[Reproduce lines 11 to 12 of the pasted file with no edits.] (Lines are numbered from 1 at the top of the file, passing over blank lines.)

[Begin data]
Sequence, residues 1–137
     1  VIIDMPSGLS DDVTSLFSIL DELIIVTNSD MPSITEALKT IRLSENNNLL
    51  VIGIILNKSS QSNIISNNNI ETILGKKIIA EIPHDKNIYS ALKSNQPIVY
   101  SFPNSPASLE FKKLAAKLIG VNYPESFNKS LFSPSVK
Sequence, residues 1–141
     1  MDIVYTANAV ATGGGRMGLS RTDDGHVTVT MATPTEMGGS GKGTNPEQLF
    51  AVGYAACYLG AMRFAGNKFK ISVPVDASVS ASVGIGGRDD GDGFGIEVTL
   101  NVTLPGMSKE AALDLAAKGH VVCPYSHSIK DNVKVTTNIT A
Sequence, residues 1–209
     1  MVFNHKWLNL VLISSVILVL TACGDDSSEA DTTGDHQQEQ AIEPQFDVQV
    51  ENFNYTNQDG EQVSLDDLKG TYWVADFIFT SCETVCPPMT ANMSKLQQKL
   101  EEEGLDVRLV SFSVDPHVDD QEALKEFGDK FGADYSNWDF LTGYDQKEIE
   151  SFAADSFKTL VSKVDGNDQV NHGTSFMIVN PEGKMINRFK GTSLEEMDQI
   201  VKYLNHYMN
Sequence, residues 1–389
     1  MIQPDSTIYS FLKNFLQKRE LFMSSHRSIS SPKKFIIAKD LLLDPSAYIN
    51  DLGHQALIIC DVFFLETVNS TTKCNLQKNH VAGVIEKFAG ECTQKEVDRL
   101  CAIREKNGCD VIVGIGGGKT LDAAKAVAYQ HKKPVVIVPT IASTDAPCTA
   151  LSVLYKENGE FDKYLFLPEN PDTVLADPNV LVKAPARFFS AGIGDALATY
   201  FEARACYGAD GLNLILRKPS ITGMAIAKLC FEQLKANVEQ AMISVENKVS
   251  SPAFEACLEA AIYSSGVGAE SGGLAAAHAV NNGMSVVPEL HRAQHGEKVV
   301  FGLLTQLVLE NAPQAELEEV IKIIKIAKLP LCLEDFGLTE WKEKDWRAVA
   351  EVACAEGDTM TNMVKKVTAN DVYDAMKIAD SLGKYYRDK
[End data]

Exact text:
    51  ENFNYTNQDG EQVSLDDLKG TYWVADFIFT SCETVCPPMT ANMSKLQQKL
   101  EEEGLDVRLV SFSVDPHVDD QEALKEFGDK FGADYSNWDF LTGYDQKEIE